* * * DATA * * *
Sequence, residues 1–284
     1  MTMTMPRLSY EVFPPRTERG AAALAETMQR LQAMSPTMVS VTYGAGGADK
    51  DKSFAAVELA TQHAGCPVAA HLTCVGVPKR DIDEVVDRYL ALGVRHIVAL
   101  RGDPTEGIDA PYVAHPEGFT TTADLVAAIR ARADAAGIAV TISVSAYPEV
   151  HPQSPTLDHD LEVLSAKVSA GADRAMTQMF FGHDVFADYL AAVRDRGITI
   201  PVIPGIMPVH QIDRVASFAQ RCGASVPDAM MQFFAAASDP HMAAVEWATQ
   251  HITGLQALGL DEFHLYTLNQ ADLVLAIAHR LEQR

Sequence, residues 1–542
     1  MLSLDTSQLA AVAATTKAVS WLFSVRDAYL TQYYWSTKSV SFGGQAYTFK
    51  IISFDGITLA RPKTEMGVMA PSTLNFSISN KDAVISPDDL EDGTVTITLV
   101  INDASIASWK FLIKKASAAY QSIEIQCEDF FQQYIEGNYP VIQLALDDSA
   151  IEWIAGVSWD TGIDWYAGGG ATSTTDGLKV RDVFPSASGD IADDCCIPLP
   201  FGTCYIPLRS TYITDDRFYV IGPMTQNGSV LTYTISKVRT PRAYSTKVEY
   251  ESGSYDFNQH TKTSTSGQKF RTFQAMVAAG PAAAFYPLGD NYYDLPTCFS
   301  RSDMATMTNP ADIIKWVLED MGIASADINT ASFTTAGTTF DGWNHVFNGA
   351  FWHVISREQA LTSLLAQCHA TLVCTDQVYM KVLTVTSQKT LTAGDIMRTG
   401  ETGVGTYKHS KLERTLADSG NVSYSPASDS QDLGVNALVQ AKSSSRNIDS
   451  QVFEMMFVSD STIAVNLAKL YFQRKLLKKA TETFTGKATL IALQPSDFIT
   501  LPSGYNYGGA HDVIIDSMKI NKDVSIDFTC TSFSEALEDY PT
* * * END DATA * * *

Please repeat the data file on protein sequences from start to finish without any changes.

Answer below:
Sequence, residues 1–284
     1  MTMTMPRLSY EVFPPRTERG AAALAETMQR LQAMSPTMVS VTYGAGGADK
    51  DKSFAAVELA TQHAGCPVAA HLTCVGVPKR DIDEVVDRYL ALGVRHIVAL
   101  RGDPTEGIDA PYVAHPEGFT TTADLVAAIR ARADAAGIAV TISVSAYPEV
   151  HPQSPTLDHD LEVLSAKVSA GADRAMTQMF FGHDVFADYL AAVRDRGITI
   201  PVIPGIMPVH QIDRVASFAQ RCGASVPDAM MQFFAAASDP HMAAVEWATQ
   251  HITGLQALGL DEFHLYTLNQ ADLVLAIAHR LEQR

Sequence, residues 1–542
     1  MLSLDTSQLA AVAATTKAVS WLFSVRDAYL TQYYWSTKSV SFGGQAYTFK
    51  IISFDGITLA RPKTEMGVMA PSTLNFSISN KDAVISPDDL EDGTVTITLV
   101  INDASIASWK FLIKKASAAY QSIEIQCEDF FQQYIEGNYP VIQLALDDSA
   151  IEWIAGVSWD TGIDWYAGGG ATSTTDGLKV RDVFPSASGD IADDCCIPLP
   201  FGTCYIPLRS TYITDDRFYV IGPMTQNGSV LTYTISKVRT PRAYSTKVEY
   251  ESGSYDFNQH TKTSTSGQKF RTFQAMVAAG PAAAFYPLGD NYYDLPTCFS
   301  RSDMATMTNP ADIIKWVLED MGIASADINT ASFTTAGTTF DGWNHVFNGA
   351  FWHVISREQA LTSLLAQCHA TLVCTDQVYM KVLTVTSQKT LTAGDIMRTG
   401  ETGVGTYKHS KLERTLADSG NVSYSPASDS QDLGVNALVQ AKSSSRNIDS
   451  QVFEMMFVSD STIAVNLAKL YFQRKLLKKA TETFTGKATL IALQPSDFIT
   501  LPSGYNYGGA HDVIIDSMKI NKDVSIDFTC TSFSEALEDY PT